17/09/2012 14:53:00

As the Kent & Medway Safety Camera Partnership marks its 10th anniversary, new research reveals that the number of people killed or seriously injured (KSI) has dramatically reduced at safety cameras sites on the county's roads.  

Latest figures from the Partnership show that deaths and serious injuries at Kent and Medway’s safety camera sites have fallen by almost 72%, down from 363 people in the three years prior to the yellow fixed safety cameras being installed to 103 people between 2009 and 2011.

Mobile safety cameras sites have also seen a reduction in the number of KSIs by 67% - down from 188 in the three year periods before the camera van sites were installed to 62 between 2009 and 2011.

The Partnership’s Communications Officer, Katherine Barrett, says: “Since the Partnership was formed in 2002 it has been committed to influencing and encouraging motorists on Kent and Medway’s roads to slow down, stay within the speed limit and help reduce the number of speed-related crashes and casualties. We are trying to do this through a combination of education, publicity and enforcement.

“Our latest research suggests that safety cameras are contributing to casualty reduction levels.  In real terms, the number of people killed or seriously injured at camera sites has been reduced by 386 people.”

This week the Partnership is launching a campaign to raise awareness of the reduction in casualties at safety camera sites.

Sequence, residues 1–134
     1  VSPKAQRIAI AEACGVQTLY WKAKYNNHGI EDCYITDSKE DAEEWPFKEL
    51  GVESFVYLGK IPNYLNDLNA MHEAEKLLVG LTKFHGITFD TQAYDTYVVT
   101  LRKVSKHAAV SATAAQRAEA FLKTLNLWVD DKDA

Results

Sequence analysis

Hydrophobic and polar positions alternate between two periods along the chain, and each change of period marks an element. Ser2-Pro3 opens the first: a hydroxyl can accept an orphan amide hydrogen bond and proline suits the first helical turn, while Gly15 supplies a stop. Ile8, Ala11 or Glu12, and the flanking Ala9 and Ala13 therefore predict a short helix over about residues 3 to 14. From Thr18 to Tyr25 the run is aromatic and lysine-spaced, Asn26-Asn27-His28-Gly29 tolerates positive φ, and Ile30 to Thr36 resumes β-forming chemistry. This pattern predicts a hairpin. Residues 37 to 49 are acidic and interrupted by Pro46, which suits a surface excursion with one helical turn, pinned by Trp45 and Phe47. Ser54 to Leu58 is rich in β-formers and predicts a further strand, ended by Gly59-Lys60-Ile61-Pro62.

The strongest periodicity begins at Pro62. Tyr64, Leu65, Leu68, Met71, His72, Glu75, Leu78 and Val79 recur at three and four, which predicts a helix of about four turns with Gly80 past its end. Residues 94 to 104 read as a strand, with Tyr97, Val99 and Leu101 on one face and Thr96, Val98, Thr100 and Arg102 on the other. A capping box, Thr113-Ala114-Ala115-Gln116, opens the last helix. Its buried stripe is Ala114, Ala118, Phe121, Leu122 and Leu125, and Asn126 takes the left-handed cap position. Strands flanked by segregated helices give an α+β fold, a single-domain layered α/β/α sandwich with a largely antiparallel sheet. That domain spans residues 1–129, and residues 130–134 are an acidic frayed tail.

Information boards will be going up at roadside camera sites across Kent and Medway clearly showing how many lives have been saved and serious injuries prevented at each site.

There are 77 fixed safety camera sites in Kent and Medway, all of which were installed at specific locations because of their history of speed-related crashes in which people have been killed or seriously injured.

“In the majority of areas, the message is getting through to drivers, though there are still some where motorists are failing to heed speed warnings, and where fatal or serious injuries have remained the same or slightly increased,” says Katherine. “But we regularly review the effectiveness of cameras at these sites and continue to explore other ways of reducing speeds and casualties.”

Over the past decade, the Partnership has worked tirelessly to dispel some of the myths surrounding the use of safety cameras – and while a minority of drivers still wrongly believe that cameras are only installed to make money, most now accept that they are beneficial to road safety.

According to a new survey by the Institute of Advanced Motorists*, the UK’s largest independent road safety charity, 82% of people think it is acceptable for authorities to use cameras, while 85% believe that cameras have contributed to the fall in road deaths since 1990.

For crash and casualty data CLICK HERE 

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